With more than 1,100 players suing the NHL over its handling of the lockout, it’s safe to say the lockout has taken a toll on the NHLPA.
But as the legal drama continues, here are five things to know:Who is the lawsuit against?
The NHLPA is seeking $250 million from the league in the class-action lawsuit.
That would be a significant sum of money for a non-player, and it would be the biggest in the history of the league.
It would be far from the first time the NHL has lost a lawsuit it’s sued, and the lawsuit is a direct response to the league’s lockout and the lockout-related controversy surrounding the Players’ Association.
How big is the class?
There are roughly 500 players suing.
They include former NHLers such as Brad Marchand and Patrick Kane, as well as current players such as Patrick Marleau, Patrick Sharp, Chris Kunitz, Joe Pavelski, Nikita Kucherov, and Alexander Ovechkin.
They’re also suing the league, the Players Association, and all the players’ unions, which collectively own about 70 percent of the NHL’s shares.
Who are the defendants?
The lawsuit names the NHL Players Association and the Players Players Association Management Committee, and also names the league and the union.
The suit also names former NHL player-owner Joe Sakic, as a defendant.
The union’s attorney is John Wurzer, the same lawyer who represented the NHL in its antitrust case against the New York Rangers and other professional sports leagues.
Why are the players suing?
The players say the NHL violated the CBA by allowing the lockout to happen, and that it’s unfair that the lockout was imposed to get a new collective bargaining agreement that would help keep the NHL competitive.
They also say the league has failed to address concerns about player safety.
The lockout was triggered by the NHL-backed CBA between the players and the players union.
Players who opted out of the agreement signed a six-year contract extension in November 2013.
Under the deal, the players were allowed to play the rest of the season in the lockout’s final weeks.
But the union refused to renew the contract in time for the lockout.
The league then sued the union and won, alleging that the players had breached the CPA’s obligations.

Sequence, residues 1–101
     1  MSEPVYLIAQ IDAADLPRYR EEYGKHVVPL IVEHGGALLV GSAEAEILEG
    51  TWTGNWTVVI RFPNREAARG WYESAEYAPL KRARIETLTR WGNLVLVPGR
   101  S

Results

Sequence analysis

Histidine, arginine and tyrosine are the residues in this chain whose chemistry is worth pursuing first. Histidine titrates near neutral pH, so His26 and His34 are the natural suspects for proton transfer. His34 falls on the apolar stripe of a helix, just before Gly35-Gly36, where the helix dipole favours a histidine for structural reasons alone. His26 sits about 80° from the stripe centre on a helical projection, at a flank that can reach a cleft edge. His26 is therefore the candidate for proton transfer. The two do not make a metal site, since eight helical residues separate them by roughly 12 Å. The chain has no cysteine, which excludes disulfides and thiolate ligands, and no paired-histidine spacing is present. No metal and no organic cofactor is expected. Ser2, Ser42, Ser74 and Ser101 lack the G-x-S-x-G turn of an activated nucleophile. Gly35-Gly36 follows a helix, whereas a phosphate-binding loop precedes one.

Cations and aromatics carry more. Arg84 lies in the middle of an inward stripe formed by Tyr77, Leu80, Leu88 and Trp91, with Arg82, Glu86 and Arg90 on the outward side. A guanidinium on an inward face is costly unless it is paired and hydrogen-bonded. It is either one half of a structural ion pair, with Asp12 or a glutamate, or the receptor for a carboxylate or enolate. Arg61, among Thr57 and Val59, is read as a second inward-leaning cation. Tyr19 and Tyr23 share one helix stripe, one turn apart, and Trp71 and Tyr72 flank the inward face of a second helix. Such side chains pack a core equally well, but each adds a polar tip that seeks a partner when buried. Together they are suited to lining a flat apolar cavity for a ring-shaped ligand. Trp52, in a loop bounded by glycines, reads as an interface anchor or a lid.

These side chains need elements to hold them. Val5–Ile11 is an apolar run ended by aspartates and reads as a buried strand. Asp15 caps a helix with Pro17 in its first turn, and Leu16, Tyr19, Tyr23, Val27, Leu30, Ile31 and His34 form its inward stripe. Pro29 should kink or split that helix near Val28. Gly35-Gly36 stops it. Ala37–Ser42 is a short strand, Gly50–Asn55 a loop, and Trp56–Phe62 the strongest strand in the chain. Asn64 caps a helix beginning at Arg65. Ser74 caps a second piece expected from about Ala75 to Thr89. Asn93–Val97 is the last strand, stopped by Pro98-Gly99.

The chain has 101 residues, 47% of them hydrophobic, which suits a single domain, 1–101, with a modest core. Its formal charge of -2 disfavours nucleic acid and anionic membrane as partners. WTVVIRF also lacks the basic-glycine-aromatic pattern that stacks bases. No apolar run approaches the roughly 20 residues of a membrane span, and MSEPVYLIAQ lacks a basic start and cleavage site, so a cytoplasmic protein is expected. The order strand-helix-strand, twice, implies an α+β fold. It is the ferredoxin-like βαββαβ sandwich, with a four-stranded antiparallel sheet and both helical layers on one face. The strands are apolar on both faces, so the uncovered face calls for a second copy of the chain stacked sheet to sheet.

The players say they won that case.
What are the penalties?
Under the CAA, players are banned from participating in organized sports activities for six months.
That period ends after they complete the lockout; they have to pay back any money they owe.
Players who didn’t sign the agreement are also banned from the sport, and are barred from signing any future contracts with an organization that is not a member of the players association.
But they’re not required to do anything for a year after the lockout ends.
What is the penalty for non-compliance?
If players don’t pay up, the league can suspend the players for six weeks, which is more than twice the lockout period.
The suspension can last up to a year.
If the suspension is not paid, the player can ask the court for an injunction to compel payment.
Is there any proof that players were paid?
The only information we have is from media reports.
However, a league source told ESPN.com’s Pierre LeBrun that the league was aware that some players had paid up to $30,000 to be part of the strike.
Were there any other players who were not paid?
Players were also told they would be fined if they weren’t paid by June 15, and could be banned from all games for up to 10 days if they didn’t make their payments.
Does that mean players were being paid up until the day of the game?
The lockout was only for six days, and some players received payment, and others were not.
Is that because the players didn’t want to pay up until June 15?
Yes, they did.
But there were other players out there who were willing to pay.
How many players were fined?
The league has never been able to say.
It’s possible there were as many as 30,000 players fined in the four months leading up to the lockout and those fines were later reduced to just $1.25 million.
Is the penalty on the players more severe?
The punishment is on the league more severe, but the amount of that is unclear.
The NHLPA has previously said that the penalty is only on the owners.
Was there a settlement?
The lockout-imposed penalties are set to expire in November, and if players don “participate in any form of organized sports activity during the lockout,” they will forfeit their right to participate in future games.